How I know my wife married the 'wrong' person

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  • J.D. Aurora, CO
    June 15, 2013 11:04 a.m.

    Wonderful article,we need more like it. Tyler's blog "More Cross Shaped Stuff" is worthwile to read as well.

  • Dennis Harwich, MA
    June 15, 2013 6:14 a.m.

    For many of you they're a great analogy in the Church.
    In the mission field there was always that elder/sister you wanted to be companions with. You were sure you would be the best, happiest, successful missionaries in the mission. Then it happened. You were put together and within a month you couldn't stand the sight of one another. It didn't stop the work, but you were in the depths of emotional purgatory trying to bear through this.
    Sometimes you marry the wrong person because you didn't take the time to learn to know them. Engagements don't last 2 months. If you haven't known him/her for at least a year or two you have no business getting married.

  • kosimov Riverdale, UT
    June 14, 2013 1:27 p.m.

    (part2 Y-ask-Y)

    I longed to grow up and get away from him, without realizing even that trait had been taught to me by him! That is, solve problems by getting away. I was lucky to find my wife, who has been the most patient, devoted woman I have ever known. She has helped me change and I think we may make me a decent person one day. After 43 years of marriage, 5 children (3 RM's, all married in temple, 14 grandchildren, etc.)

    I wonder what would have happened if either of us had decided the other was not "the one"? Fortunately, when we were dating, President Kimball was writing books and preaching sermons about marriage, so we followed his advice, and tolerated each other's imperfections. I think we both "settled", in that we did not hold out for an ideal mate. There is a slide show which I've seen while watching a talk on BYU TV about "Fanny", a girl who dreamed of marrying a prince and living in a castle. It taught that "good enough" was an acceptable attitude, ie, "settling" is OK. It is on the BYU web site.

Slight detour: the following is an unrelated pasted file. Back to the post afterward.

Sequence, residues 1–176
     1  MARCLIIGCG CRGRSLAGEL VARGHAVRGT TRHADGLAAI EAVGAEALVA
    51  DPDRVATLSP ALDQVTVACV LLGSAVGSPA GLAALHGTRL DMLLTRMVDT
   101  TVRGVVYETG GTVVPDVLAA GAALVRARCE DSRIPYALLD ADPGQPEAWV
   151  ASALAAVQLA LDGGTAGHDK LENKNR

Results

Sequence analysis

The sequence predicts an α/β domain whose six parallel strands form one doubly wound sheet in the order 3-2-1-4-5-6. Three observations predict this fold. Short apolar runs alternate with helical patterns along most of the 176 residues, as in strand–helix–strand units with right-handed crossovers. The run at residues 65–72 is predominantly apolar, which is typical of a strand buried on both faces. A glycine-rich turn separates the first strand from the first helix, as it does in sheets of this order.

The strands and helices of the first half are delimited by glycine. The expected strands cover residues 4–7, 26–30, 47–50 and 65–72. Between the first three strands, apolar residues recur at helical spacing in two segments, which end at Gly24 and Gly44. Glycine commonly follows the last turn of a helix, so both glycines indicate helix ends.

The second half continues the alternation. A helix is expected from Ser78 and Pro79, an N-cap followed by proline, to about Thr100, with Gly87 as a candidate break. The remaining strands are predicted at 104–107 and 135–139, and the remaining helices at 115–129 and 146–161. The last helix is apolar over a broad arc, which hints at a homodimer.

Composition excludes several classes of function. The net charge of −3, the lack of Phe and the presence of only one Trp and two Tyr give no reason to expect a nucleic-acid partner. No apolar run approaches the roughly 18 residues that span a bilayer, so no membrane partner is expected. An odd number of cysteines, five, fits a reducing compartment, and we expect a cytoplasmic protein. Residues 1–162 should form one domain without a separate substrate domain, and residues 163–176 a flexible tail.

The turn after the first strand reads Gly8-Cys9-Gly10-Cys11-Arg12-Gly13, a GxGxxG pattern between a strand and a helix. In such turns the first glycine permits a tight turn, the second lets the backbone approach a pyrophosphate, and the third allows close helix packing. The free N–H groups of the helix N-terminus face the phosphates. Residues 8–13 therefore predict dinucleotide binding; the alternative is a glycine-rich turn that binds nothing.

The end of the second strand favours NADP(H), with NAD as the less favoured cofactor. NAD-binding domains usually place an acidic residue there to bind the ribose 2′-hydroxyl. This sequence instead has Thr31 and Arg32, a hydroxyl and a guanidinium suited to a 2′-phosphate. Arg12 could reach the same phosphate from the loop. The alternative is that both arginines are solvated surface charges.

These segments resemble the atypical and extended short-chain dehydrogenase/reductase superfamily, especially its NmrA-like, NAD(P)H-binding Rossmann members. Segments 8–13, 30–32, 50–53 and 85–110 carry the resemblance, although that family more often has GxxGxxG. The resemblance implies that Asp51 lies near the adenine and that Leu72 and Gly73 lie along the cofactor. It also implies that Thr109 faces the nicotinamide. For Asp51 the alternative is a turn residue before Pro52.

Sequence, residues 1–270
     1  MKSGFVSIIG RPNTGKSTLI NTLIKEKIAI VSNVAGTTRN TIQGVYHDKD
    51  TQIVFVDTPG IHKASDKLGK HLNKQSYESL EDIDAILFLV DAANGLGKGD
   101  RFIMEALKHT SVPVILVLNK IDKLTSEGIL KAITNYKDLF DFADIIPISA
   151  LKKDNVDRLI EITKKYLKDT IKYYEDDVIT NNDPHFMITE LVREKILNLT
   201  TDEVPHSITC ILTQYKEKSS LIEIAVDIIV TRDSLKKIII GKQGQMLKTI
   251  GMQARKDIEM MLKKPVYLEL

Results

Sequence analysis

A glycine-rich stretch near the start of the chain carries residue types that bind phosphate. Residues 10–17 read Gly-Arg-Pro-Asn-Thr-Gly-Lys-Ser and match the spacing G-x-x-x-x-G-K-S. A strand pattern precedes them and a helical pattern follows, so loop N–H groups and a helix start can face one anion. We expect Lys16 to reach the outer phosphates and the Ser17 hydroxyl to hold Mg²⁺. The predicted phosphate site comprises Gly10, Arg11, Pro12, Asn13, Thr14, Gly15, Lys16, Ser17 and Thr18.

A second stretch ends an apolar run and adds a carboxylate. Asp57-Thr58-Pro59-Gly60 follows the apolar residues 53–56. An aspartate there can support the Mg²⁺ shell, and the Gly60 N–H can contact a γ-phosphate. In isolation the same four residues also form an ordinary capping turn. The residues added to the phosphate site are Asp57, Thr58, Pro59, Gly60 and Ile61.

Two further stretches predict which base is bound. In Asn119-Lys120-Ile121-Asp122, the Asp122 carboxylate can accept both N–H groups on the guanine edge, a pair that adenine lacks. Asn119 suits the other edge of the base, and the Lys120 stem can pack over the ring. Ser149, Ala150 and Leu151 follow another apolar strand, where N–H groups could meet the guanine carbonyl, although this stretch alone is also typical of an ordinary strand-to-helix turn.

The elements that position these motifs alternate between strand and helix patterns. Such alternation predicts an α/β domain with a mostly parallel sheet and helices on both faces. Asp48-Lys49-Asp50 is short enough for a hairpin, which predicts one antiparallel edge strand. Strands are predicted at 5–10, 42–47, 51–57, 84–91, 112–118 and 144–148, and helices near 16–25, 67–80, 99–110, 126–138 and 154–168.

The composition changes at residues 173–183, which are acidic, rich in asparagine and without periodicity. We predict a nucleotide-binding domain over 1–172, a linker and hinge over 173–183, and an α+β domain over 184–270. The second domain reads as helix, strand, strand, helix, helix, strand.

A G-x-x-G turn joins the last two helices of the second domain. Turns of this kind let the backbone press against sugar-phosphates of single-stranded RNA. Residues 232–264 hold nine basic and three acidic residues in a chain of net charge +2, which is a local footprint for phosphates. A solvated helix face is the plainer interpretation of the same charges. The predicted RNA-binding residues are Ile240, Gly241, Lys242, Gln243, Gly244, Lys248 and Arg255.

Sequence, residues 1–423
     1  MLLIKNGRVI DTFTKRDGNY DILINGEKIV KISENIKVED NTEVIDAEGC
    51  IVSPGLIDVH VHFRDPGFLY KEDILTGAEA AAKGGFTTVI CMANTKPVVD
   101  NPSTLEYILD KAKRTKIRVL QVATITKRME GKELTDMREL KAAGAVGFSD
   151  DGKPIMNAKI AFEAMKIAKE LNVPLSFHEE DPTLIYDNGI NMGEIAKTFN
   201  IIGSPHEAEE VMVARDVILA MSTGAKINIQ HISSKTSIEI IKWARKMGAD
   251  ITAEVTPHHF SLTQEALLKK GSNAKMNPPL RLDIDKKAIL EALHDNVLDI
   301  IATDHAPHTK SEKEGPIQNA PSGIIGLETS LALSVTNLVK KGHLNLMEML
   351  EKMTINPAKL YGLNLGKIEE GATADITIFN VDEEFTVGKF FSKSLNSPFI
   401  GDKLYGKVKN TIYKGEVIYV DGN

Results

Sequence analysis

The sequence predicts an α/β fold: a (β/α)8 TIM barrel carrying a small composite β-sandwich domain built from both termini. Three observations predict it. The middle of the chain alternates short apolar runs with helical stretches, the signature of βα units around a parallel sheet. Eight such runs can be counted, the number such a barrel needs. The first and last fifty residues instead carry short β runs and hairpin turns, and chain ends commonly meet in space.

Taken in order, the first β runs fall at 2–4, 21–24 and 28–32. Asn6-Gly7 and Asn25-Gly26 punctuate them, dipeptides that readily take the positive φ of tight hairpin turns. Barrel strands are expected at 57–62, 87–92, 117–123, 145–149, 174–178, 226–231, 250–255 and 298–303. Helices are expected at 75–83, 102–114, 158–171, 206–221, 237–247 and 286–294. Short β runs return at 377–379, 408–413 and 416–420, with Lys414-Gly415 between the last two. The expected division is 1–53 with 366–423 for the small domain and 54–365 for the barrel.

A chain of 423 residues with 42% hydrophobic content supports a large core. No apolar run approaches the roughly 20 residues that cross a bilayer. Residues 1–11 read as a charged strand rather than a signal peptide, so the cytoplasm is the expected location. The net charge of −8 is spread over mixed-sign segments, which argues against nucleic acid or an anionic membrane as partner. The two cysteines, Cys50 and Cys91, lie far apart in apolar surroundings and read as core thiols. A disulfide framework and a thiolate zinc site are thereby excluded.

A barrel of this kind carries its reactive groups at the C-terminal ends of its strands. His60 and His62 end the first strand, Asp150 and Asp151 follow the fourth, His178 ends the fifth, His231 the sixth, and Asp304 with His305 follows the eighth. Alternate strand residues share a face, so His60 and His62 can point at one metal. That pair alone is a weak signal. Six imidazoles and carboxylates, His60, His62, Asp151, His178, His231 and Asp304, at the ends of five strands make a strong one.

• kosimov Riverdale, UT
    June 14, 2013 1:13 p.m.

    To: Y ask Y (first of two part message)

    While most of the posts here are overwhelmingly positive, your first one had a little negative in it, as a warning against potential problems you see that we should look out for in our quest to find a mate. That isn't bad at all. It is just how you see things. And, I can agree with you to a point, as well as disagree with you, to a point.

    One thing I noticed, which I find interesting, is that your examples of the problems you advise us to watch out for seem to be mostly about male traits that cause problems. I find myself wondering if you had experiences in your life which were negative and which were also predominantly male dominated? Again, that isn't "bad"; it just "is what it is".

    Perhaps I noticed this because it is also where my experiences mostly come from. My father was a very troubled man, who often told us about the various things in his past which caused the problems. (continued part two, next message. I just couldn't edit it enough!)

  • terra nova Park City, UT
    June 13, 2013 1:08 a.m.

    I once asked a woman who was coming up on her 65th wedding anniversary if she could somehow distil what worked best into one simple sentence. She cocked her head and looked at me (as it to figure out if I was worth the gem of wisdom she was about to give me). I smiled at her and expected a joke to follow. But what she said was one of the most solid bits of marriage advice I have ever heard.

    She finally said, "He really tries to put me first in everything he does... and I... I try to do the same. I know that sounds strange. But somehow... it has worked."

  • Y-Ask-Y? Provo, UT
    June 12, 2013 4:39 p.m.

    Eastern girl

    "But just because you didn't see the warning signs (yes, they were there) doesn't mean that there isn't a place for an article addressing keeping expectations real when you have a marriage between two decent people."

    Who are you talking about? I am still married to the love of my life, my first and only wife, now coming up on 25 years!